What Is a Company Profile and How Do You Create One in Investment Banking?
Maybe it’s a bit jaded of me, but I think of company profiles the same way I think of Wikipedia entries – a hodgepodge of basic-as-Ben-Stiller information that’s not particularly interesting, but always necessary to have on keep up.
The reason we create company profiles in investment banking is for use when analyzing the competitive scenery of our client company’s industry and for using in presentations to the client about possible deals (who can they buy, who can buy them, who to watch out for).
Company profiles also help us keep tabs on who’s doing what and where each player fits in – very CIAish I know.
What does a company profile literally consist of?
It depends on what it’s being used for.
In say a basic ‘Market Update’ PowerPoint presentation going out to a client, each company profile (of the client’s competitors/suppliers/customers etc) may only be a one slide summary with a 3 sentence description, 5 numbers/multiples, recent news etc – this super succinct form occurs when say 5-15 competitors are being profiled at once in a basic presentation.
In it’s longer form, say if you were detailing every possible acquisition target in a formal pitch book (!), a company profile could include several slides that straddle everything from historical financials to extensive qualitative descriptions of the company’s revenue flows to detailed examination of specific parts of the company (to suit the immediate usage requirements).
In this form the company profile gets heavy and moves beyond the vicinity of insignificant Wikipedia copycat!
Because company profiles are often merely a collection of simple information distributed beautifully across a few slides, they’re considered Intern Level Work and will probably be one of the first things your analyst-mentor will palm off to you come summer. As you can see from the above, you don’t need a 3.8 GPA from Stanford to pull these off.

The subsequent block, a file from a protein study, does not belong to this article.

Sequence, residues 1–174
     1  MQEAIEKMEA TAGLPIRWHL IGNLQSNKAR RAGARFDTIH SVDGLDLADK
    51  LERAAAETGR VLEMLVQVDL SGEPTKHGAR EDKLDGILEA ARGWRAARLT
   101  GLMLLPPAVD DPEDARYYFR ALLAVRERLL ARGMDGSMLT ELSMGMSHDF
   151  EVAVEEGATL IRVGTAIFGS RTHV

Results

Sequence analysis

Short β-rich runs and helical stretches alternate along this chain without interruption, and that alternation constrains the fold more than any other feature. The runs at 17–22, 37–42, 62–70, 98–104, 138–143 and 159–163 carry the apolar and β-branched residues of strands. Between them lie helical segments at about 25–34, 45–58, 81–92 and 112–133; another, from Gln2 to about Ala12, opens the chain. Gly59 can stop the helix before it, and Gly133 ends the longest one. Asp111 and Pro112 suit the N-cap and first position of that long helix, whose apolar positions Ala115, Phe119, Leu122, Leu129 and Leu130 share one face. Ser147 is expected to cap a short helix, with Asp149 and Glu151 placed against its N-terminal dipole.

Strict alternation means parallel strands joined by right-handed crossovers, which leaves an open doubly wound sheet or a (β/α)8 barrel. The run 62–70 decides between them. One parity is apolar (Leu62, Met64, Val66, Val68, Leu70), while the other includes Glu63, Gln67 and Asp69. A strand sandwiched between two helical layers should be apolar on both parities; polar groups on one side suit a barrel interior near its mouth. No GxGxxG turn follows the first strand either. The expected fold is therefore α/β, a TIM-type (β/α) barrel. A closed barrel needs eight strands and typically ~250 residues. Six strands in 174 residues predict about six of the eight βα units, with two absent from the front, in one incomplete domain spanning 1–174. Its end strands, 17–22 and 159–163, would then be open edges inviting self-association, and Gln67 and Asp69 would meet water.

How should you go about prepping for company profiles?
When you get into the bank flick read by a associate past examples, internalize the language, structure, elements, and metrics used, and quite soon you’ll know how to create company profiles without already referencing precedent samples.
The first thing you will notice when reading past examples is how tranquilizer-esque they are; they’ll put you to sleep in an moment.
The data, the language, the facts, the summary – it’s all so shared knowledge and BS sounding. But your job is not to win a freaking Excel or creative writing competition so don’t try to break with convention and pen some Charles Dicken prose or engineer some insanely original multiples when you’re asked to give it a go.
Instead play it safe and create company profiles that blend in, not stand out
If you want to impress bankers here then all you need to do is present with extreme succinctness – super industrious language paired with only the really important numbers/graphs etc will wow bankers since it saves them time and hides the “who cares” details.
Some students think they need to find interesting facts and figures about the company that aren’t freely easy to reach via a company search on some half-rate intelligence database to impress here.
But trust me when I say finding uber original info like this is time consuming and really not expected – and when you’ve had 2 hours sleep in 2 days why would you get all sadomasochistic on yourself with some freaking dominant research?
That said, you can’t create all your company profiles by simply grabbing text from a database search, or (and yes this is very shared) copy-pasting a Wikipedia entry on the company or text from the company’s own website!!
Instead you need to write from scratch using the tone/kind of language and exact structure you see in the edges existing company profiles, and with the kind of conciseness you see in these; in addition as drawing your figures and numbers directly from the original supplies and condensing them into their most basic and insightful form (just like with spreading comps – which we talk about below).
ie you have to summarize the summarizers, but do it precisely and in a client friendly way.
As an investment banking intern you’ll probably more often than not be asked to simply update or double-check existing company profiles.
This can really suck if the intern or first year banking analyst who made the existing profiles did an awful job on them, because bankers will expect a insignificant ‘update’ to take you no time at all, and however you’ll almost be making profiles from scratch!!
Although you are all bright eyed and bushy tailed now, don’t be disheartened if you make dozens of company profiles and they never get read – such is the character of them. ie edges will want profiles on hand for ‘just in case’ a client requests them, or a deal takes heat.
If you have an investment banking internship coming up or are starting your analyst program soon you should check out the most shared responsibilities junior bankers perform. In this article we list the top 39 and explain the what/why/how so you can get a flying head start.